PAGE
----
What do you find to be most advantageous about working with digital art? How has your work benefitted from digital technology?

The Digital "sees" everything as data, so it is naturally cross-platform oriented. Digital means of production allow me to focus on an idea rather than material constraints or skill sets. The digital also gives precedent to "versions", meaning I am able to have multiple takes on a project or idea that run parallel or analogous to one another, and often at the same time. This has helped tremendously with tossing off habits, and drifting in the unknown or uncomfortable space between aesthetic parameters that allow a work to move beyond personal style or taste. Habits and taste are situational and often frivolous, so running several versions of an idea, in real time, ruptures that temporary impulse; this of course is in pursuit of making work that has significance beyond my current mood, skill set or influences.

Digital technology has allowed me to embed in both physical and immaterial objects meaningful information—this was something I would have never imagined being able to do earlier in my life. The fact that I can compose an audio work, put it inside of tiny media device and house it in a sculptural form for performances or installation has ramifications in my practice that I may not fully understand for years to come. I say this because it feels very embodied at this point in my life, all platforms feel like data to me—raw and with potential, able to be flexed and converted into something else.

Do you think that advances in technology will have an affect on your digital work? In other words, do you plan to evolve your digital work as digital technology evolves?

Sure. The manner in which technology changes directly influences how we (as a culture and beyond) think and feel. I am interested in that process, the schisms in that process, and what sort of behavior develops or disappears through such transitions. I am always skeptical of working with new tech though. I try to stay close to the pulse of its implications, usages (creative or just practical) and its novelties: but, novelty is where I become skeptical and to a certain degree, disinterested. The reason I continue to involve myself with "obsolete" technologies is not because I am nostalgic; it is because their novelty has totally worn off. When the tech’s novelty is gone, folks aren’t so quick to be enamored or shocked by the directive and the apparatus as it has been formally presented to them. Just because a technology is new doesn't mean I automatically get to make awesome artworks with it, I’ve witnessed some horrible work made with ground breaking technology (much having to do with the artist being seduced by its newness and not being able to see beyond it).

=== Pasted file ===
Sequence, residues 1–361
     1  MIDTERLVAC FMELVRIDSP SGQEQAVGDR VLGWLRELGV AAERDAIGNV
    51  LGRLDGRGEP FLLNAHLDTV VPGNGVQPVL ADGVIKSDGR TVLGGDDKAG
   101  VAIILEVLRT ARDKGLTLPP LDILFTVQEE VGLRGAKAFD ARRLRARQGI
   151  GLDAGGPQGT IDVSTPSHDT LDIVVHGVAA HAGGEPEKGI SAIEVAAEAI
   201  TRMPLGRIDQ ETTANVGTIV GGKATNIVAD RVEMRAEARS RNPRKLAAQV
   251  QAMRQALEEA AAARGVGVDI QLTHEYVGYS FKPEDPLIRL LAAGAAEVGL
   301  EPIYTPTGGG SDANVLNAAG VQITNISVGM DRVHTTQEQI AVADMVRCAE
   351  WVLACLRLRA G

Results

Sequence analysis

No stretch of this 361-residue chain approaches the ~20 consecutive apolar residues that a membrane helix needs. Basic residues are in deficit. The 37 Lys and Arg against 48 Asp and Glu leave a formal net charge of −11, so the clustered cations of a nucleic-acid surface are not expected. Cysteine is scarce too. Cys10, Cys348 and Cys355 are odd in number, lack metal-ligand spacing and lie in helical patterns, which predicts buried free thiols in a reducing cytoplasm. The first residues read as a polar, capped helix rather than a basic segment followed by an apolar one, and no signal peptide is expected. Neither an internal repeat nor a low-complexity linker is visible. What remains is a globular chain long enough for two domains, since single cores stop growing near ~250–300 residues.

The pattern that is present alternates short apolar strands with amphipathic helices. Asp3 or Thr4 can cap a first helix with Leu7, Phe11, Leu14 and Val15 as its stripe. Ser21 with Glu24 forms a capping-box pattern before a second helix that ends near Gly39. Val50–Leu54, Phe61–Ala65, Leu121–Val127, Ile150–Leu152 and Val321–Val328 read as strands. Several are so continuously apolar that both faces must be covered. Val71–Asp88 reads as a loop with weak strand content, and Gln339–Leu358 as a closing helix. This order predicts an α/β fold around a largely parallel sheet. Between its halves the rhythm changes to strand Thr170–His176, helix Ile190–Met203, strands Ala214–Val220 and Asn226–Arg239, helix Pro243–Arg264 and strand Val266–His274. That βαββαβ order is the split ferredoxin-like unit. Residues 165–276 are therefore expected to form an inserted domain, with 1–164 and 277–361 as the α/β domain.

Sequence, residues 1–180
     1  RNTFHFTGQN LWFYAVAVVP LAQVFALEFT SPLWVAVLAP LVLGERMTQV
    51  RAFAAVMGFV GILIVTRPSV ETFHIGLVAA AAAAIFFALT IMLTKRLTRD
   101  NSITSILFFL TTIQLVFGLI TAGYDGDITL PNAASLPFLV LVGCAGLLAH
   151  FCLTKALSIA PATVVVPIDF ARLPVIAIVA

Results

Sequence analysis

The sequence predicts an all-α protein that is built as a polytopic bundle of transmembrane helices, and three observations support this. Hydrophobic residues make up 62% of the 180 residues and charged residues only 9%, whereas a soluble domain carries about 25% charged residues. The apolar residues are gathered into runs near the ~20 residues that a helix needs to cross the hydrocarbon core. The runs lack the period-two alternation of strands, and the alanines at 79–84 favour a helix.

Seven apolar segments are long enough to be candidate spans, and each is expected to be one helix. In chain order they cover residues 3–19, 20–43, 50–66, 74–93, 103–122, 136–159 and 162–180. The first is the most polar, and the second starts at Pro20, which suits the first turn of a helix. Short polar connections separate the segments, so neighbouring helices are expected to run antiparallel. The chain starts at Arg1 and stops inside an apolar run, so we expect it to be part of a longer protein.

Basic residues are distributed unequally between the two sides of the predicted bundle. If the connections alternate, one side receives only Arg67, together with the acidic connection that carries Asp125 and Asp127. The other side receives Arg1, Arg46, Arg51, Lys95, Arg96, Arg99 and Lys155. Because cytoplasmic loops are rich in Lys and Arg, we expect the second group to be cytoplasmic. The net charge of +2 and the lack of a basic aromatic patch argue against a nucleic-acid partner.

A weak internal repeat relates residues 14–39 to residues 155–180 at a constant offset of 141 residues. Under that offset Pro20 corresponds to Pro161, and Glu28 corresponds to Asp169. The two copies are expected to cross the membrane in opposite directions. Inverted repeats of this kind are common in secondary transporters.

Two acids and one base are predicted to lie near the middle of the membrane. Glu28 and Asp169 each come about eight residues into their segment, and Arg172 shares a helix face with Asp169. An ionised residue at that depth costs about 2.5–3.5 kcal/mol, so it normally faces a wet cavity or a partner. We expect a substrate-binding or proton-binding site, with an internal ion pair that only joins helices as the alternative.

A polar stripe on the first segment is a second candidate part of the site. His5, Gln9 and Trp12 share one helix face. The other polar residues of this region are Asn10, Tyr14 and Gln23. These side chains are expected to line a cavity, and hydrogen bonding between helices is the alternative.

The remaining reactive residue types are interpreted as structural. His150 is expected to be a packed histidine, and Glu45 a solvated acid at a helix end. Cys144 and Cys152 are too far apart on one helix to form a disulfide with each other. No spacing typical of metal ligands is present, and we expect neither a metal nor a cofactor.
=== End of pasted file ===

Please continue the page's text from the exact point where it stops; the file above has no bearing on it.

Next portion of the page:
I plan to evolve my work towards cultural circumstances and relationships we have with technology, not necessarily the tech itself.

How have recent developments in digital technology and internet culture affected your digital work? Have you seen a shift in your digital work to accommodate newer ideas, technologies, and iconography?

There are small idiosyncratic things that have shifted, mostly my work flow, speed at which I can download or compress files, practical elements. I tend to do a lot of sonic field recording with smart devices these days, as I can be more spontaneous and responsive to my environment than I used to be able to be. Iconography: its fun to pass over and study sometimes, I consider myself an iconoclast often times; in that I am wanting to work beyond momentary trends and taste judgements. Do I enjoy or accommodate the aesthetics of internet culture? I think that’s a tricky thing to answer as it is by nature, rhizomatic and fractured; not to mention at this point so algorithmically controlled that an amazing amount of information that might influence me is out of reach, inaccessible.

I am interested in working with, and also terrified by augmented reality. But this to me is a philosophical interest. The ways in which augmented reality is taking shape in the commercial and academic sector is only one version of what it could mean. Its been fascinating and cool to see how augmented reality has concretized into smart phones (not so well) and now into contact lens prototypes (which, once again, are hard to market).

What has had the biggest influence on your digital work from outside of the fields of art, digital technology, digital culture, and literature?

Jazz, "unskilled" labor (which is a misnomer), furniture, urban signage/infrastructural anomalies, Sonic warfare, road trips…

How has science fiction and pop culture had an impact on your digital work?

Do you ever work in collaboration with other artists and experts? If so, has there been a particularly fulfilling or successful collaboration? All the time. Mark and I's techne_lab podcast comes to mind specifically. The Two best examples are ones that I am currently and perpetually feeding: Flinching Eye Collective (performance group), Shadowtrash Tape Group (audio art cassette label).

What genres and themes have become recurrent in your work?

  • noise
  • data
  • radio
  • performance as social rupture
  • fluxus
  • situationists
  • utopianism
  • affect/body
  • collage
  • informational listening experience